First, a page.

Malcolm Timothy Gladwell is an English-born Canadian journalist, author, and speaker. He has been a staff writer for The New Yorker since 1996. He has written five books, The Tipping Point: How Little Things Can Make a Big Difference (2000), Blink: The Power of Thinking Without Thinking (2005), Outliers: The Story of Success (2008), What the Dog Saw: And Other Adventures (2009), a collection of his journalism, and David and Goliath: Underdogs, Misfits, and the Art of Battling Giants (2013). All five books were on The New York Times Best Seller list. He is also the host of the podcast Revisionist History.

Gladwell’s books and articles often deal with the unexpected implications of research in the social sciences and make frequent and extended use of academic work, particularly in the areas of sociology, psychology, and social psychology.

[themify_quote]Success is not a random act. It arises out of a predictable and powerful set of circumstances and opportunities.[/themify_quote]

These are my Takeaways from this book

  1. Malcolm Gladwell argues that the “self-made” success is a myth. He says that it has to do with your circumstances and the opportunities that were presented to you.
  2. Once you reach a certain level, increased abilities no longer help you succeed. For example: when a basketball player reaches a certain height a couple of more inches will not make a difference. At that point, other abilities and/or skills will come into play.
  3. Mastery demands around 10,000 hours of practice.
  4. These circumstances can have a huge effect and/or impact on what you achieve in life:
    • The date and place you where born
    • The parents that you had and the type of parenting you received. How you were brought up can radically impact how successful you will become.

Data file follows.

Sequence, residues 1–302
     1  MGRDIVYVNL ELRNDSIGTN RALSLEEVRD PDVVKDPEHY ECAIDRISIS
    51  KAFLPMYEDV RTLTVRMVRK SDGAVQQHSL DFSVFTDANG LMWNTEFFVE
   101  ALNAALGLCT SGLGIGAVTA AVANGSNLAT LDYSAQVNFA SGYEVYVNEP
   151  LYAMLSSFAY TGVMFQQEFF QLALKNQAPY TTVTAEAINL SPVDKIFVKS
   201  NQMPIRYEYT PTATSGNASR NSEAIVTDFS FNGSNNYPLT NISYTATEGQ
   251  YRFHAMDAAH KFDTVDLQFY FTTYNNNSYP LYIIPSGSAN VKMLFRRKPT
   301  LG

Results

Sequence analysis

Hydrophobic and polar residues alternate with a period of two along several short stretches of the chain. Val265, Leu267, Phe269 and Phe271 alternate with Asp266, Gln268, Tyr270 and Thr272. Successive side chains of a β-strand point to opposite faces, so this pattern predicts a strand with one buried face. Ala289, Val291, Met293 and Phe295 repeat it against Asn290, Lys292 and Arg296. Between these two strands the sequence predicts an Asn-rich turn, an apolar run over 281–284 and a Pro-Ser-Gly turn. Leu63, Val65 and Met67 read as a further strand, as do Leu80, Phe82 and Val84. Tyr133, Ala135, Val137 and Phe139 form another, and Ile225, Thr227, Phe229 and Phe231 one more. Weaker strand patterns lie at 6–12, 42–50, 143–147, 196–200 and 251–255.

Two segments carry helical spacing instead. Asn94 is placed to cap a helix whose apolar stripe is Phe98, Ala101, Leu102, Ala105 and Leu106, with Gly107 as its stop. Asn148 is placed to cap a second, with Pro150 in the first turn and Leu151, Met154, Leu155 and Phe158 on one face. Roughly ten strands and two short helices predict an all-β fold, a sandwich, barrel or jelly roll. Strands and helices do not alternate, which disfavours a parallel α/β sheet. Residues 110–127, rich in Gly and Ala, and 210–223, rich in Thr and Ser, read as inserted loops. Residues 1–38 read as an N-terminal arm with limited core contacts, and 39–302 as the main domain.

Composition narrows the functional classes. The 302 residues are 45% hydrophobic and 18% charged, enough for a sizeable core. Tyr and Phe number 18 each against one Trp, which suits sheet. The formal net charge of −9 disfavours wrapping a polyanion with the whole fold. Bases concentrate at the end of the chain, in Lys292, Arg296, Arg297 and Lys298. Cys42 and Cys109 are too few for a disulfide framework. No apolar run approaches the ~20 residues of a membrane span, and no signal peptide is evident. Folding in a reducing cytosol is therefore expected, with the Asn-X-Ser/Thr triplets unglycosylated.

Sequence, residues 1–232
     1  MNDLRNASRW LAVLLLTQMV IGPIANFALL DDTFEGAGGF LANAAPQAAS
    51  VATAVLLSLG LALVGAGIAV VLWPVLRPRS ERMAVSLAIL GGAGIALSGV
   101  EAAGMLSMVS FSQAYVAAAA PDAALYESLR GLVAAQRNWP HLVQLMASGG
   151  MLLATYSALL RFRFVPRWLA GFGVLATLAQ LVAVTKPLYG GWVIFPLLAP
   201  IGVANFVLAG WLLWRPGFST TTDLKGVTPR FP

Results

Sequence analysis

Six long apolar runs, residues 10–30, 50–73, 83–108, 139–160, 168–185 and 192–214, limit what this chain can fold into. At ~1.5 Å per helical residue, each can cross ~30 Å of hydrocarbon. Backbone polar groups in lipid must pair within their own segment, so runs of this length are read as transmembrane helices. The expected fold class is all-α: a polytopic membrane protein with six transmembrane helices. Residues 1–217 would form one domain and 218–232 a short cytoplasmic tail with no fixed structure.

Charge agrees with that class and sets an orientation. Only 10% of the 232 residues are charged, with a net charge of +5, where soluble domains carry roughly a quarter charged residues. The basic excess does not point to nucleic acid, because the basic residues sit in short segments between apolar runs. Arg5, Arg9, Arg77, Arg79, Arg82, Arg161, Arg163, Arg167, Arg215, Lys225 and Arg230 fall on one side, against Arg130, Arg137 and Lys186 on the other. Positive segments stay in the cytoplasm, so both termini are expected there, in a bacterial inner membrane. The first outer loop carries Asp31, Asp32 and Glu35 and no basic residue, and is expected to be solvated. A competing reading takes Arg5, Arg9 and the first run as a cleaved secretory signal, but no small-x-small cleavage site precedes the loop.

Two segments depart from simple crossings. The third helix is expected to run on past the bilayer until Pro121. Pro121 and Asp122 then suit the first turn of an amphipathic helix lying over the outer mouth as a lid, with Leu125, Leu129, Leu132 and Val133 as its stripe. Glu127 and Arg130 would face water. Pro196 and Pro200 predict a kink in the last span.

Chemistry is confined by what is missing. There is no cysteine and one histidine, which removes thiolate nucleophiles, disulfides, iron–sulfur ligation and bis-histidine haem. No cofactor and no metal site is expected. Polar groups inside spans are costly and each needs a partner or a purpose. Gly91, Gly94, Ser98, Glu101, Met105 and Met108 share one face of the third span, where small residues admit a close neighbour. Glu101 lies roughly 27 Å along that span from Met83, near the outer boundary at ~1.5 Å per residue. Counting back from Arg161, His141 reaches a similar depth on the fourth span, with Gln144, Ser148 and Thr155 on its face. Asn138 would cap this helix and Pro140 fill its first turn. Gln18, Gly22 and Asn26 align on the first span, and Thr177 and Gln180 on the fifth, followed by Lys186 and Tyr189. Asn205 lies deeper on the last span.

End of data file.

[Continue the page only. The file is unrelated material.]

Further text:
• Your social status
    • The opportunities that were presented to you
    • The education you received
  5. Culture (where you came from) can bring successes or failures to your life.

Actionable Items

  1. Know yourself
  2. Recognize where you came from, how you were brought up, your own temperament, your flaws, goals, and skills.
  3. Look for and create opportunities based on this knowledge.

My Take

In the back of my mind I always had a thought, and it was that successful people were more intelligent and driven than the rest of us. This book opened my mind and taught me that there are a lot of factors that come into play for the success of a person.

There are things that we can’t control, but there are others that we can. My major takeaway from this book is to get to know yourself better and all the factors and circumstances that brought you to the life that you are currently living. Be objective and honest with yourself when you are doing this assessment. Acknowledge the bad decisions and habits that you have had throughout your life.

Learn about your strengths and weaknesses and identify what you don’t know. Charlie Munger once said: “Knowing what you don’t know is more useful than being brilliant.”

It doesn’t take a lot of imagination to see that if Bill Gates were born in Berlin in 1920, his outcome would have been different. The common rebuttal to this is “Luck is what you’re dealt, fate is how you play your cards.” Which is 100% true. But some people are born with a pair of aces. Worse, they never realize it, and go through life thinking everything they have is a product of their own behavior. – Morgan Housel (source: https://chrisreining.com/morgan-housel/)